The Cuban Missile Crisis

In October of 1962, the Cold War suddenly got colder.  Much colder.

U.S. spy planes discovered that there were Soviet missile bases being constructed in Cuba, capable of delivering nuclear warheads to every city in the United States. And, to make matters worse, there were boats carrying missiles on the way from the Soviet Union.

President John F. Kennedy ordered American ships to block the island and told the Soviet Union to turn back their missile-carrying ships. They did not.

The United States had already installed nuclear missiles in Turkey, pointed at the Soviet Union. The Soviet Union said that if the United States could do it, so could they. The boats carrying missiles did not stop.

Thousands of American troops assembled down in Florida. People all over the United States started building bomb shelters. It seemed like war was about to come. The United States was put on the highest level of alert, greater than any other time during the Cold War.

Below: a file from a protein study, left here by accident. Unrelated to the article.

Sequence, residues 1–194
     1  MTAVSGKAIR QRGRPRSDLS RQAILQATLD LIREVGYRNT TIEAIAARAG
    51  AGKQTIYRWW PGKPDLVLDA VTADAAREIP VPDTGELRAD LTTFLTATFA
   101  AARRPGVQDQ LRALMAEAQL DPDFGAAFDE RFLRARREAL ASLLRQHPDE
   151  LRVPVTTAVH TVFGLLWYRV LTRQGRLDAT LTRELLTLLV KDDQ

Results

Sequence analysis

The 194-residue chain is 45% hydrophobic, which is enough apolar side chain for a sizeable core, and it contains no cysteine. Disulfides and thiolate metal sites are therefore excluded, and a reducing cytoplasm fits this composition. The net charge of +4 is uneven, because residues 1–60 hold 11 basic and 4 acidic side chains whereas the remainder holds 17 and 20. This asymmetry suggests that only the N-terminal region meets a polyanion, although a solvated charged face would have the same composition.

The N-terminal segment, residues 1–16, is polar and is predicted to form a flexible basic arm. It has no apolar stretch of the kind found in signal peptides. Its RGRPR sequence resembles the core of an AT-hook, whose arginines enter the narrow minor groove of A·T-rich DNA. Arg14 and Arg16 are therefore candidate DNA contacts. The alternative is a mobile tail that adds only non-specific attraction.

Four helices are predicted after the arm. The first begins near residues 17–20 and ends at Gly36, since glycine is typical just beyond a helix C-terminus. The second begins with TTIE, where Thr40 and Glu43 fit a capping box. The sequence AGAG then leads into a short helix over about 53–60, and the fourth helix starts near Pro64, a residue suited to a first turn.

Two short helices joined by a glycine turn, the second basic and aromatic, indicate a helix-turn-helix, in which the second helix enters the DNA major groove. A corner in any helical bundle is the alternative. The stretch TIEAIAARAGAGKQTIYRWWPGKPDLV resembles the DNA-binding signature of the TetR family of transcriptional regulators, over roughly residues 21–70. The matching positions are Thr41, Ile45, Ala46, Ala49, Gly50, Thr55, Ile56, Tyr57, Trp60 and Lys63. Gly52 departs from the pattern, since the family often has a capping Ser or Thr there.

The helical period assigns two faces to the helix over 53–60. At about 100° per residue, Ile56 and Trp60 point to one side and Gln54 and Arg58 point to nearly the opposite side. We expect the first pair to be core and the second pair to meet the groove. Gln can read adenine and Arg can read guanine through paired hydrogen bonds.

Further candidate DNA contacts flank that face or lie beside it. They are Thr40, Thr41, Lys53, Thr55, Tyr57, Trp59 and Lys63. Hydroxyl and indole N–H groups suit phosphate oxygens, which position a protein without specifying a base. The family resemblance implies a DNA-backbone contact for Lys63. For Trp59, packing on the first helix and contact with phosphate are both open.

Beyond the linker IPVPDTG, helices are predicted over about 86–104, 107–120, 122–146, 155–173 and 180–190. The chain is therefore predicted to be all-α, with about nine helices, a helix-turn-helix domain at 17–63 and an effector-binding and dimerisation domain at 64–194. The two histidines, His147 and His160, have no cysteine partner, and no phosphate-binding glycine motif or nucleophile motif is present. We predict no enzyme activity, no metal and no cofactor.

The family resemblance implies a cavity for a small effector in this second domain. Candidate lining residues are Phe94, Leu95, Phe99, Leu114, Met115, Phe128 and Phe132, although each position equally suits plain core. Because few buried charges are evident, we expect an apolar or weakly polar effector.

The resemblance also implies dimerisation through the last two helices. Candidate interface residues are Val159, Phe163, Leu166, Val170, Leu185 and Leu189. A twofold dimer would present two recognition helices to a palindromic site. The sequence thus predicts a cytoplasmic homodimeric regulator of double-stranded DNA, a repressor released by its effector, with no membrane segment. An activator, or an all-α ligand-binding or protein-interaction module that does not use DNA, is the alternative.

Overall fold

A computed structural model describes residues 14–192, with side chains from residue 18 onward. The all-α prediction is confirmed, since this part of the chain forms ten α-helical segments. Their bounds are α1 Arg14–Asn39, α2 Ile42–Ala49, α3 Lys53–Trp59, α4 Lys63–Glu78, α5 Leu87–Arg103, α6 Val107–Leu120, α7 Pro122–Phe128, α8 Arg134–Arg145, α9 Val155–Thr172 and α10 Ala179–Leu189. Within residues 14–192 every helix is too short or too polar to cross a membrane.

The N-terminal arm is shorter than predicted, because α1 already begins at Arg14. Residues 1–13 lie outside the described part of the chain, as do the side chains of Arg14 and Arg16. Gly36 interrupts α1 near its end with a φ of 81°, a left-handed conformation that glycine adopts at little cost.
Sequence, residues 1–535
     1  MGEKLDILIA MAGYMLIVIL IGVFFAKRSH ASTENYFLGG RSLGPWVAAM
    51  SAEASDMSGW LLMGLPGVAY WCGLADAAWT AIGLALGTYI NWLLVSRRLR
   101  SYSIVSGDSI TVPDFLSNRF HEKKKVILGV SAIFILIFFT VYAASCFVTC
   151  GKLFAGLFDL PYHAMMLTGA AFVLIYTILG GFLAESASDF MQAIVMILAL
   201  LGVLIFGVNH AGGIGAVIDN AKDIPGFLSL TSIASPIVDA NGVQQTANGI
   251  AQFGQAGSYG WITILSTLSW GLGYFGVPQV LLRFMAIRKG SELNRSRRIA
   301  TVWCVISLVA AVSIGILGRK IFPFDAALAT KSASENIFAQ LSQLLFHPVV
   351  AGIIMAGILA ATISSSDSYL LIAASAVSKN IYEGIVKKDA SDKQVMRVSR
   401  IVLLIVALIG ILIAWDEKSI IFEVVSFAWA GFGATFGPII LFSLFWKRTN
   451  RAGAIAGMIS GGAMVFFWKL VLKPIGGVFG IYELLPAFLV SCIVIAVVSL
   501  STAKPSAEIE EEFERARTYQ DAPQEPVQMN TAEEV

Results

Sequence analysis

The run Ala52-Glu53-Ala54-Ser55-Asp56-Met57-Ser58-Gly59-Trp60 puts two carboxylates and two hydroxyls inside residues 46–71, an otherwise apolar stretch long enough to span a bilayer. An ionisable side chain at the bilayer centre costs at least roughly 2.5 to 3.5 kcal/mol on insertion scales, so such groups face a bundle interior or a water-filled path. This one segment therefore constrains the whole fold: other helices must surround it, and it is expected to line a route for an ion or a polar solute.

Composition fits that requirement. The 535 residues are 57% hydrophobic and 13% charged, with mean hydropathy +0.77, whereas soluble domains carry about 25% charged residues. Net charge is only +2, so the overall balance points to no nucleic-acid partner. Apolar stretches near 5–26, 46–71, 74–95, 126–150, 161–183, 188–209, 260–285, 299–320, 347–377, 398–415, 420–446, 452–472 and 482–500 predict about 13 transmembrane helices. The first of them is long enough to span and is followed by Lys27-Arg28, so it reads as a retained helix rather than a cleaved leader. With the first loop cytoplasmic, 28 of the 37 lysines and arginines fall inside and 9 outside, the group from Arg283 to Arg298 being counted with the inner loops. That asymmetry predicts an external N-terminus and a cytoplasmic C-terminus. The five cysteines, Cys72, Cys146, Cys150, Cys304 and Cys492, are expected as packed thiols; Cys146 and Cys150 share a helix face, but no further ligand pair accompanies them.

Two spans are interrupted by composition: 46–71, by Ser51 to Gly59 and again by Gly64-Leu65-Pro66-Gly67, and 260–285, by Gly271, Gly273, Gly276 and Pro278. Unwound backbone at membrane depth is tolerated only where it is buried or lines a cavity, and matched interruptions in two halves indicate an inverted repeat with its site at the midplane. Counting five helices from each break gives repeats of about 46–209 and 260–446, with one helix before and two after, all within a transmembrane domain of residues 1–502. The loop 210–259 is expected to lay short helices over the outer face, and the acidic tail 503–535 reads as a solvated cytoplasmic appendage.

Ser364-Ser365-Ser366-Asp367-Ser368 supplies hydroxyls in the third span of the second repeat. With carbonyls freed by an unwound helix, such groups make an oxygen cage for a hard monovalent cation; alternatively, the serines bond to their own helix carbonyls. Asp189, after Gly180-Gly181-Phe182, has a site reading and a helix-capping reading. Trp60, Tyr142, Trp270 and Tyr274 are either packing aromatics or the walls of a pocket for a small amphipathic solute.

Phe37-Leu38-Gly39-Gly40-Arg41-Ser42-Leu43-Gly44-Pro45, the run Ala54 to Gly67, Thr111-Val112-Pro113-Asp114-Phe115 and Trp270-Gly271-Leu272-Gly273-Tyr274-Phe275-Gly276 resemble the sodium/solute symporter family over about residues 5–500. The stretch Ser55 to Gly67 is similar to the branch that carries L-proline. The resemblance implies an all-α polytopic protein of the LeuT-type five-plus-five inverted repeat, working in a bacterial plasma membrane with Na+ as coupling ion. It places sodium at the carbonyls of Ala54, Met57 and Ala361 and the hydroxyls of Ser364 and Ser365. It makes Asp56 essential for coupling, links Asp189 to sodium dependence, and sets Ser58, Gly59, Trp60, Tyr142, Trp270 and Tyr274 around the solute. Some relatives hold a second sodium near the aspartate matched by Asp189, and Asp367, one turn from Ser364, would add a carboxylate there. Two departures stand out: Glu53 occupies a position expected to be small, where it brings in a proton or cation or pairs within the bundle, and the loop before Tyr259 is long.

In the end, the Soviet Union backed down at the last minute. But the world had never come this close to nuclear war before.  As a result, the United States and the Soviet Union signed the Nuclear Test Ban Treaty in 1963. This treaty banned the testing of nuclear bombs in the air.